[Weird 2.0 is a kinda-upmarket rendition of News of the Weird / Pro Edition. No perverts, no drunks, no stupid criminals. Just scary important stuff.]
When I learned that the fabled exploits of Herbie Popnecker were finally going to be reprinted, I rushed to place my order for the first two volumes, and was not dissatisfied.
But somehow, I neglected to order the concluding third volume for almost a year. It arrived this week, bringing more pure comics weirdness. It's hard to convey the essence of Herbie, but just check out the sloppy scan below.
Herbie goes time-traveling to the era of the Pilgrims and meets--Beatnik Indians!
Think of the brain that could conceive of Beatnik Indians--and stand in awe! (Click image to enlarge.)
Twist your ankle? Break up with your boy/girlfriend? Any kind of pain at all, no matter the source, try counting money to ease the discomfort. Experiments done at Carleton School of Management indicate that handling money causes both physical and mental pain to be less acute. Perhaps it is some sort of placebo affect, just thinking you have money makes you feel better, like just thinking you've been given medicine helps with illness. Oh to be a bank teller!
The Daily Mail profiled the British countess who is pushing to legalize drugs (and who has been a practicing trepaner for over 40 years [ed.: She drilled a hole in her head to increase oxygen intake, and therefore creativity], and who talked the Count into it, too). Daily Mail
A parable for our times: David DeVore gave up an Actual Job (real estate) to become an Internet Nothing (making six figures by marketing his David After Dentist YouTube video of his 7-yr-old son [also David] in a goofy daze after a drug-aided tooth removal) (Bonus: $20 T-shirts and other D.A.D. memorabilia are selling in 20 countries). Washington Post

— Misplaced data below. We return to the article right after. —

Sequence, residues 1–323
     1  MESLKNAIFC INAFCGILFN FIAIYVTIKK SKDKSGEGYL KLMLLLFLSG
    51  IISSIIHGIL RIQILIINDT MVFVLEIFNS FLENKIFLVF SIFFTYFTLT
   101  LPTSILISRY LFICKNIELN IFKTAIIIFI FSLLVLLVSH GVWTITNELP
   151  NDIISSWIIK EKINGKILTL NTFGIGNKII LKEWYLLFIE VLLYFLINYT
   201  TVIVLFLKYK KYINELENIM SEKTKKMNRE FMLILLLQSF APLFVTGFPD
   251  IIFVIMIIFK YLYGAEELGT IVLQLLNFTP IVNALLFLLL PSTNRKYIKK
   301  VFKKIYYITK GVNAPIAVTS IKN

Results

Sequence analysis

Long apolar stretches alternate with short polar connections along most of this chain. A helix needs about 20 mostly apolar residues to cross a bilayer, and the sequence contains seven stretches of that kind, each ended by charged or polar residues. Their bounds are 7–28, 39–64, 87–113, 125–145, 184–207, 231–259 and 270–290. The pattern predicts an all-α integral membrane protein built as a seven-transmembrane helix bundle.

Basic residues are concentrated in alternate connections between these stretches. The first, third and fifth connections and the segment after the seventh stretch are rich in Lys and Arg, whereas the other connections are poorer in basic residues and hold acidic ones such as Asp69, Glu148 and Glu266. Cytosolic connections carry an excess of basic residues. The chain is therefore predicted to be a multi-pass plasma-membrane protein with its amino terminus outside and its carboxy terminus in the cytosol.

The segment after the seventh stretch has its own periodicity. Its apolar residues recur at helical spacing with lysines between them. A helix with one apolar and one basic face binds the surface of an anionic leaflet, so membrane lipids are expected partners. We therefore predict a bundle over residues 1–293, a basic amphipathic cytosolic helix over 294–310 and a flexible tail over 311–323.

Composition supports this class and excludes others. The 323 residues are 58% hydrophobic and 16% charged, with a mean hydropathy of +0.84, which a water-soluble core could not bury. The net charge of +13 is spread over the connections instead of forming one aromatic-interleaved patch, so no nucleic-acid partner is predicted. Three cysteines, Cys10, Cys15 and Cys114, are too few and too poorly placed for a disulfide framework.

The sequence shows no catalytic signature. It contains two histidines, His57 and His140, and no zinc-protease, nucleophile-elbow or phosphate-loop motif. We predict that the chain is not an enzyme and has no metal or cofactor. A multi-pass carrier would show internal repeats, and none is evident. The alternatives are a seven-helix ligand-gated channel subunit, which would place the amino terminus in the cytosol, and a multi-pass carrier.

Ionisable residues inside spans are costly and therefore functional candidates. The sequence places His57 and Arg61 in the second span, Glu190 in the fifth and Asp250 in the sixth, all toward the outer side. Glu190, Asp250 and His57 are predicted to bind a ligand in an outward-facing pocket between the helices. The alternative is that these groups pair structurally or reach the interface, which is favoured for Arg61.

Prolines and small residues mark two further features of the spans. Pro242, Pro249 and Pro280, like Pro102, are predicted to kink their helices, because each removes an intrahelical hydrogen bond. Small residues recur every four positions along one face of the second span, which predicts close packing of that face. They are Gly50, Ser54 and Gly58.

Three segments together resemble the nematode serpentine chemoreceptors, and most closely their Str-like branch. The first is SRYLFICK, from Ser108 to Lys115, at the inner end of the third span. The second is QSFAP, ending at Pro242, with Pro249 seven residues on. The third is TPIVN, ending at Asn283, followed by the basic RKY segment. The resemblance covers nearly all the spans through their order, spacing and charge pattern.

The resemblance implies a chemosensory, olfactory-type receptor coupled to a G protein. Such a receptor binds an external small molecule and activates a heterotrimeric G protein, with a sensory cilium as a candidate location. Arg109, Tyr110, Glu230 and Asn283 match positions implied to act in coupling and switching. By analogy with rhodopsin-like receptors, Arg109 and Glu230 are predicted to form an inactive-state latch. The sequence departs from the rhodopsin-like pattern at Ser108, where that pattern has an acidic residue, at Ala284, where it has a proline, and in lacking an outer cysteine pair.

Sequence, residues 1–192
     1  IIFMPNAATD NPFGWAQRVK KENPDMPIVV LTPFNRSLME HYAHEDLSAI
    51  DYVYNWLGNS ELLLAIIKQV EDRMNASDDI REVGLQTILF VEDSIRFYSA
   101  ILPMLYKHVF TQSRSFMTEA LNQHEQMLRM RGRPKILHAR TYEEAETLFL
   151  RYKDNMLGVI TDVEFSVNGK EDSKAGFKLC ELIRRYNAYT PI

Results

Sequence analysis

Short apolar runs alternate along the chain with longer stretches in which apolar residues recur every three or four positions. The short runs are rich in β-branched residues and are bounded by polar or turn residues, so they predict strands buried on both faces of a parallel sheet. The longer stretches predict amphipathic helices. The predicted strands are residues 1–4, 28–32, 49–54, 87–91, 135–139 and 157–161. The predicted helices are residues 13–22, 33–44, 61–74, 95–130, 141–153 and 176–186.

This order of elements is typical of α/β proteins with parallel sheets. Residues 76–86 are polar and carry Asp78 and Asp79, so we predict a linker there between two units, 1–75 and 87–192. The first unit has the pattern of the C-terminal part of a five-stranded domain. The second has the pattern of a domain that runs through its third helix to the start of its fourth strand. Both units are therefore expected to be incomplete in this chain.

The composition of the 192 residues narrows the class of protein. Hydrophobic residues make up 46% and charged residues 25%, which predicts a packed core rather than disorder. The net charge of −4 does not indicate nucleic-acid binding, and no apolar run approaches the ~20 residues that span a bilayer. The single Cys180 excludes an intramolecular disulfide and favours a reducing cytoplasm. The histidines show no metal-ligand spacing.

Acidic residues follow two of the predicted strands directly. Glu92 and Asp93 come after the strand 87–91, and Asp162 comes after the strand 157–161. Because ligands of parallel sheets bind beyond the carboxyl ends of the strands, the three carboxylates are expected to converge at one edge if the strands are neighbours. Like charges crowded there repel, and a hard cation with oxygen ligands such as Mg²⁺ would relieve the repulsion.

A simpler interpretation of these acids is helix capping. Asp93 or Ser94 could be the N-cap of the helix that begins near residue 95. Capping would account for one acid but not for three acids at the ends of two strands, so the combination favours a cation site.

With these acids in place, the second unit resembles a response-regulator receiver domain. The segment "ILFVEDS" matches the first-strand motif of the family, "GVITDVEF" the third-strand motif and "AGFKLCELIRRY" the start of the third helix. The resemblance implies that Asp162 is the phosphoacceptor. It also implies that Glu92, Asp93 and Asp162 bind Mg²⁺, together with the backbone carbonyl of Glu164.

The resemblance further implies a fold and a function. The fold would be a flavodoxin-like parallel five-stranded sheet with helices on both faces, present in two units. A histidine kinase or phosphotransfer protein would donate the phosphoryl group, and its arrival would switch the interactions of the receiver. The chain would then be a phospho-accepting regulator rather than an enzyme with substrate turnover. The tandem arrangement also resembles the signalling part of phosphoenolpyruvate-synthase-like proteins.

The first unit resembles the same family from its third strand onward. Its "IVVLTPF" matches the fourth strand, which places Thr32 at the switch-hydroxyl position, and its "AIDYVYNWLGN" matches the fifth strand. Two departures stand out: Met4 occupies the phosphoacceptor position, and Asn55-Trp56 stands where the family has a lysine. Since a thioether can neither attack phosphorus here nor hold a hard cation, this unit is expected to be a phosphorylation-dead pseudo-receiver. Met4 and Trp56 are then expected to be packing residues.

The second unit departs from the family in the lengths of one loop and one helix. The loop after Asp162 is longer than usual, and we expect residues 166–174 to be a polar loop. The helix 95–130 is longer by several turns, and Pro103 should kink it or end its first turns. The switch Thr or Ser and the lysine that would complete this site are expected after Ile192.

The district attorney in a podunk Wisconsin county formally warned the school board that he'd arrest teachers who follow the state-authorized sex-ed curriculum–because they are contributing to the delinquency of minors. Milwaukee Journal Sentinel
Intellectually-challenged TV actress Heidi Montag bragged that she has had 10 cosmetic surgeries, including a "back scoop"–something which, when queried, she admitted that she never really knew what it was. [ed.: The procedure's not that bad, but still– . . ..]San Francisco Chronicle /// TheStir.CafeMom.com/ [a surgeon explains]
Fine Points of the Law: Canadian judge John Douglas, rendering a decision: "If [the defendant] was charged with being a colossal asshole, I would find him guilty. Of assault causing bodily harm, I find him not guilty." Canadian Broadcasting Corp. News
An architect in Brazil has come up with a new version of an old idea. A skyscraper structure that supports movable homes. Shaped like trailer homes we see in trailer parks, these rectangular boxes can be moved within the structure or removed to a different site. The designer even touts the idea of taking your own home on vacation to stay in. Check out the pictures, it looks a little like a giant Jenga game to me and we all know what happens at the end of Jenga!
Paul Di Filippo
Paul has been paid to put weird ideas into fictional form for over thirty years, in his career as a noted science fiction writer. He has recently begun blogging on many curious topics with three fellow writers at The Inferior 4+1.
Chuck is the purveyor of News of the Weird, the syndicated column which for decades has set the gold-standard for reporting on oddities and the bizarre.
Our banner was drawn by the legendary underground cartoonist Rick Altergott.